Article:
We have, by far, one of the largest volumes –not only in size of social followers, but also engagement – of any retailer in the world. Those things will tell you how the consumer engages with us and engages with our products. They spend time on their phone, they search and shop on their phone, they like to come into the store. There's more breadth of product and more choice, because most of the time they're shopping online. They're going directly to a page. They're not spending a lot of time on our homepage, we know that from the data. They're spending an amazing amount of time on Instagram. They're expecting us to post six to eight times a day and see new products. Those are the channels – search, mobile app, mobile web and social. 

Is there a place for Foot Locker in the metaverse or through NFTs?

100%. But not because it's a shiny penny. It's not why I'm interested in the metaverse or empty space, I'm interested because there are amazing new sneaker culture creators actively taking part in that space. There is a parallel between the idea of NFTs and art and scarcity in sneaker culture. But even more exciting is there are creators and brands that are coming into that space that people haven't heard of or they're just beginning to hear of and that really excites me.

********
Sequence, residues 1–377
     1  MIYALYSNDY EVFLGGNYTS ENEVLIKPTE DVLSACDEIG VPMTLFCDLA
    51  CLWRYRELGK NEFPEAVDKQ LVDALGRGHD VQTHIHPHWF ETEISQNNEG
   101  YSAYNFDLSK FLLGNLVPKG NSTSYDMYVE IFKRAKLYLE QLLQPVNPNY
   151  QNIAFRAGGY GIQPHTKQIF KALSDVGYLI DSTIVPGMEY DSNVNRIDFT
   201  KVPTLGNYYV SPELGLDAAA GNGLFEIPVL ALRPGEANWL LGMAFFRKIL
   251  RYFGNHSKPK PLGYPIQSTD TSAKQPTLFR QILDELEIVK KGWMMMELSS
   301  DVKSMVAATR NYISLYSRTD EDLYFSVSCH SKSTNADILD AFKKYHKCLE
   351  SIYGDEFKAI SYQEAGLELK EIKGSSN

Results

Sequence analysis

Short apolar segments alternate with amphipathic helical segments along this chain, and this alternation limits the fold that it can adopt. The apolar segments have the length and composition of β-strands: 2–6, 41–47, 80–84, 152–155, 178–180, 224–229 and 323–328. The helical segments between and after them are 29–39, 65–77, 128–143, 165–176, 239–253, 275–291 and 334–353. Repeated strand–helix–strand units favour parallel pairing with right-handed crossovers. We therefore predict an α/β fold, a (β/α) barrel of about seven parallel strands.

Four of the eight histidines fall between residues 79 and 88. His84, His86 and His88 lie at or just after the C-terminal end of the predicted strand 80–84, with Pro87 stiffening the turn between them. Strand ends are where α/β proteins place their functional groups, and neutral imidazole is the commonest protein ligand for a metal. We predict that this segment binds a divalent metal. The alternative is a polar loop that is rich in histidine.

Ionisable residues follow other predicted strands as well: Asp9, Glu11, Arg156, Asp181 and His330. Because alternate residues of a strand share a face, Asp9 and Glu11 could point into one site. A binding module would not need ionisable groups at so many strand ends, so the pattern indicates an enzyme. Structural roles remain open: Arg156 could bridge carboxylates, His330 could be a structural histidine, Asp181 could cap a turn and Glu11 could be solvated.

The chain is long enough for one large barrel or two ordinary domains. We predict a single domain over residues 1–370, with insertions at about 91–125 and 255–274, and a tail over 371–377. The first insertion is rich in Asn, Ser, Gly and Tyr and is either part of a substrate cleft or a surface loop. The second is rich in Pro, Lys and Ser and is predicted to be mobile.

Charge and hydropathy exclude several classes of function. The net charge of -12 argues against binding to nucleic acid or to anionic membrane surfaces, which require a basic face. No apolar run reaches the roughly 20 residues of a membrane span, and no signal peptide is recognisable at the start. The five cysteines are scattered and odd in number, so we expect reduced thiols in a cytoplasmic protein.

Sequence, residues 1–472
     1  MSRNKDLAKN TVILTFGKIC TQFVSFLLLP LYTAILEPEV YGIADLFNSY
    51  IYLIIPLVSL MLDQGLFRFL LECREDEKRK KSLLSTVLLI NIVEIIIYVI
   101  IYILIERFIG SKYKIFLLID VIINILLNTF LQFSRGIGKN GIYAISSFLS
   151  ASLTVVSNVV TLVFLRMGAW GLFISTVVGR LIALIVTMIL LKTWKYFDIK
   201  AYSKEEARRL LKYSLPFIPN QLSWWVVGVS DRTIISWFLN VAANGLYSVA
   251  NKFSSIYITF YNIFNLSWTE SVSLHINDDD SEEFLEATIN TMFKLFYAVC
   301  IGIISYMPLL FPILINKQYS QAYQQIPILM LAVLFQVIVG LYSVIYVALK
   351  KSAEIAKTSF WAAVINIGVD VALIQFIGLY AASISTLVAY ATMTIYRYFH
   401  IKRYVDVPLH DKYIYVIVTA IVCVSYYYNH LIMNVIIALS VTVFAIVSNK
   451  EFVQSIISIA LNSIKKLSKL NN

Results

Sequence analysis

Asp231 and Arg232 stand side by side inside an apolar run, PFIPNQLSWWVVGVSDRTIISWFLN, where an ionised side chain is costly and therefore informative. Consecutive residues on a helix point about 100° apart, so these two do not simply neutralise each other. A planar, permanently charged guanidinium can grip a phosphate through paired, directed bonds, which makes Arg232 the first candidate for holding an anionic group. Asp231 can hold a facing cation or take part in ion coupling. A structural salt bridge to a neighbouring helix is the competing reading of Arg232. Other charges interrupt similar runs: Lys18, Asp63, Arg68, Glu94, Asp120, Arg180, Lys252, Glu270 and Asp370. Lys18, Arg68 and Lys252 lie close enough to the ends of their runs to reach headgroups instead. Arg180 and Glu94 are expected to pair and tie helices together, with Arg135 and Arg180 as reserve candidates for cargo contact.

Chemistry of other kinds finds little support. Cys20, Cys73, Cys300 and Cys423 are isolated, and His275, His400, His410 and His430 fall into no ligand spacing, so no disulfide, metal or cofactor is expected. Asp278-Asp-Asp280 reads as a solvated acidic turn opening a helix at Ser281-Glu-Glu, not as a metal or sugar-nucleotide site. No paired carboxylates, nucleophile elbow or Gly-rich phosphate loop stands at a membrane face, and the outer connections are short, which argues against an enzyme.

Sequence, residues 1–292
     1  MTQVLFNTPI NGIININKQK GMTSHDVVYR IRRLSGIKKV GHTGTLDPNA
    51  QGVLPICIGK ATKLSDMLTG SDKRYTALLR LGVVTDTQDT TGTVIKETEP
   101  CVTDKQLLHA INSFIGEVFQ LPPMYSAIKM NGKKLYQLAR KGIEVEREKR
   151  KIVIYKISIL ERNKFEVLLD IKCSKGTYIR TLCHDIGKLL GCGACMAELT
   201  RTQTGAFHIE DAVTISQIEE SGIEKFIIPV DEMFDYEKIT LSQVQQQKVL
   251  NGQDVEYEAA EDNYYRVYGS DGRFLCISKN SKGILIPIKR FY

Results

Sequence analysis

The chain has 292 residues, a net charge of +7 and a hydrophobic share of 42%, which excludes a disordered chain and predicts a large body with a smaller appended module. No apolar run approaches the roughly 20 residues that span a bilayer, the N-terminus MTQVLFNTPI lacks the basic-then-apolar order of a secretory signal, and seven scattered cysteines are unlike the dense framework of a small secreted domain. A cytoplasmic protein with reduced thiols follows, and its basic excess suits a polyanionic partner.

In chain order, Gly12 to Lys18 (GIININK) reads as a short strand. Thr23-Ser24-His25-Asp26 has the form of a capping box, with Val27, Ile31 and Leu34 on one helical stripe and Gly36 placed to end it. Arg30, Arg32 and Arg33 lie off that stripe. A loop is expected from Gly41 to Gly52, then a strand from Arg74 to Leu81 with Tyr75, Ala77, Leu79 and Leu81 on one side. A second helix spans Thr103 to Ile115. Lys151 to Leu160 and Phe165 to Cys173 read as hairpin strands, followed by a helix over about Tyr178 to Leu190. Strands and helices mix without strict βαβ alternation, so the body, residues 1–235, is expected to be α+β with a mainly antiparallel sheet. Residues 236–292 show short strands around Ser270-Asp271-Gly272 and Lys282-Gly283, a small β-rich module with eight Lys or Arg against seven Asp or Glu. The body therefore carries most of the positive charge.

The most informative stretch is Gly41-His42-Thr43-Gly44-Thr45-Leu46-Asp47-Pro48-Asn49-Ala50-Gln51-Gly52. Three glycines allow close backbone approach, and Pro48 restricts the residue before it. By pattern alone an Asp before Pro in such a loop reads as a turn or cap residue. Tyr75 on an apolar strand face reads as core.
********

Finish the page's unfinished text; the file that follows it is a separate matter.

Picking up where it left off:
I love it when there's a new medium to invite people into our community. Whether that's RTFKT, which Nike acquired or there's a brand called AGLET or many others. There are actual sneaker brands that are launching in the metaverse space, and a lot of those brands are producing both physical and virtual goods that are not tied to manufacturing. There’s an amazing thing about the idea of virtual sneakers. Space Runners, legitimately make shoes for your avatar that make you fly faster. There's no manufacturing guardrails there.